No, nothing like that. In fact I wouldn’t mind betting my mortgage that any day now Our Sid will be back on the pages of the Guardian with another cock and bull story from inside sources in Barcelona. General Franco isn’t dead at all, and in fact has been hiding inside a fishing boat hidden in the 3rd row of the upper tier and has been secretly passing messages to an Elvis lookalike who lives in Gibraltar and is a close friend of Lisbet Sullender…
“Ah,” you may well be saying, “ah!”
And I would reply, “Yes indeed!”
But supposing Reuters got it wrong and Sid (who was not, as I have pointed out a member of Pink Floyd, but may on the face of it have the occasional delusional tendency, which most of us get as journalists), may have been right. Why not? Sid Lowe, on the ball, Reuters, total screw up.
Well, having dated a Reuters lady for a while, and having watched how Reuters work, and the lengths they go to, to get stories right and to check their sources, I think I’m with Reuters on this one. Reuters check, and check the checks before they press the button. They live and breathe on a reputation of only releasing stories that are true. Which is why Reuters stories quote sources. Of course they do make mistakes, as everyone does, but they are mistakes, not made up stories, and they are fairly rare.
Besides the Reuters story goes like this…
“We have had first contacts with Arsenal in which we made known our intention to talk and that’s the situation,” Oliver was quoted as saying on the La Liga champions’ website. “There is no offer yet. But it’s true the player has expressed his wish to play for Barça, perhaps this coming season.”
And yes, it was on the web site. I am not that good at the old foreign language stuff, but I called up my language speaking pal and asked him to find the Barcaloony web site for me, and he found it somewhere and said that’s pretty much what it says.
Now I would like to direct your attention to this…
“But it’s true the player has expressed his wish to play for Barça, perhaps this coming season.”
And may I focus on one word? PERHAPS.
Now this is not the story we have been fed by the saliva dripping morons who run most of the UK press. They have been telling us that Cesc said he definitively wants to bugger off and play in foreign parts.
But the Barca web site said something rather different.
“Perhaps this coming season.” Which might mean, maybe August 2010, maybe August 2015, maybe at the start of the next Ice Age which New Scientist tells me is sometime in the next 10,000 years.
Here’s another goodie from the Reuters piece.
“Spanish media have reported that Barcelona want to conclude the purchase of Fábregas before the World Cup, with Arsenal believed to be holding out for close to £50m for their 23-year-old captain.”
“Spanish media.” “Believed”. Which is all a bit different from our our media turn the story around. “English media report that Peter Crouch is really a jellyfish. Untold Arsenal, a widely read British web site that comments on Arsenal matters reported today that Peter Crouch was really a mindless semi-transparent sea creature with a sting. ‘His mother was a hedgehog and his father was a sprout,’ said Tony Attwood, Head Honcho at the Untold Pyramid.”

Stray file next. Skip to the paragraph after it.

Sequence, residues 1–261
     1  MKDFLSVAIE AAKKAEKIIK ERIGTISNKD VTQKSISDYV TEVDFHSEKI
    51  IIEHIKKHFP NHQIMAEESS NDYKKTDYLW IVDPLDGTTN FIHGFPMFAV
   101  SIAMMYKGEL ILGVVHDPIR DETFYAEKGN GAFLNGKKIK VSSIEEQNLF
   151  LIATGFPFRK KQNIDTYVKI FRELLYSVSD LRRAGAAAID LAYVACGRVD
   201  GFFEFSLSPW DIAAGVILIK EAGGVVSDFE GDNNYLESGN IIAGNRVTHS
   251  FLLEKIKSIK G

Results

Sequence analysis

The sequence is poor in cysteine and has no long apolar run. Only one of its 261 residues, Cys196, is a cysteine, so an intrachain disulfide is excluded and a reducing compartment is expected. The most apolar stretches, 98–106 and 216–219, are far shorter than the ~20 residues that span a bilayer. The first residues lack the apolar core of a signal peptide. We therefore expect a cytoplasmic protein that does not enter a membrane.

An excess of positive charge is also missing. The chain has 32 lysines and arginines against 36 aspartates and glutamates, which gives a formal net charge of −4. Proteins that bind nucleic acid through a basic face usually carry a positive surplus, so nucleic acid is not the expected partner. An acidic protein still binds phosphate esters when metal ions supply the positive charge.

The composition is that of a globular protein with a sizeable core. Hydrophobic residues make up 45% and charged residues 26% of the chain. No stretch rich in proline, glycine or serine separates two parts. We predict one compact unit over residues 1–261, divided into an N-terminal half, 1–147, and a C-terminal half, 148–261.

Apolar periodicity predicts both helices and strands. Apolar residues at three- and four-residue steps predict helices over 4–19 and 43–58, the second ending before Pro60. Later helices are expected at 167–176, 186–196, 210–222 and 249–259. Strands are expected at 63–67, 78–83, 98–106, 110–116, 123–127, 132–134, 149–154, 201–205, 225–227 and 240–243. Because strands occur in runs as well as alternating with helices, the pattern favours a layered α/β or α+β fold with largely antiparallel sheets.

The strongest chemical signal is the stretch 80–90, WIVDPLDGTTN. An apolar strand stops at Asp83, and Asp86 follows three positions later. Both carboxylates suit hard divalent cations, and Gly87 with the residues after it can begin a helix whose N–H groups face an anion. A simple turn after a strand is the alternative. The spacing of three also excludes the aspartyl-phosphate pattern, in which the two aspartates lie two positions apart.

Back in the real world Reuters went on to report a Spanish radio station, quoting a member of Family Cesc, which is a bit like getting Radio Caroline to comment on the finer points of the budget. Total drivel, but they gave us the source, so we can judge that.
So there you have it. Or not.
Cesc did not say he wanted to go this year, the “this weekend” story was totally made up by the press, and Mr Hill-Wood was quite right when he said that Arsenal had not received an offer.
In fact, as we guessed from the start – there was no Cesc story, it was invented by the media for the media. Which just leaves the question, “why?” Why do the media do this?
The answer is that it fills up the back pages of the papers without having to do any work. Dear old Sid Lowe can sit in Spain twiddling whatever he twiddles while employing an infinite number of monkeys to sit at computer keyboards, secure in the knowledge that every now and then (in between typing up the works of Shakespeare) they will also come up with another story.
As for why Arsenal, the fact is that if you count the number of stories that there are in the English speaking parts of the internet on various football clubs, Arsenal comes out on top. For whatever reason, our club gets talked about more than other clubs. So the monkeys write about us more.
Anyway, it was a transfer made up by the press, for the benefit of selling papers. As a result of it, Cesc might go in the end, but whatever happens we can be quite sure who it was that did it all. The media. Same old, same old.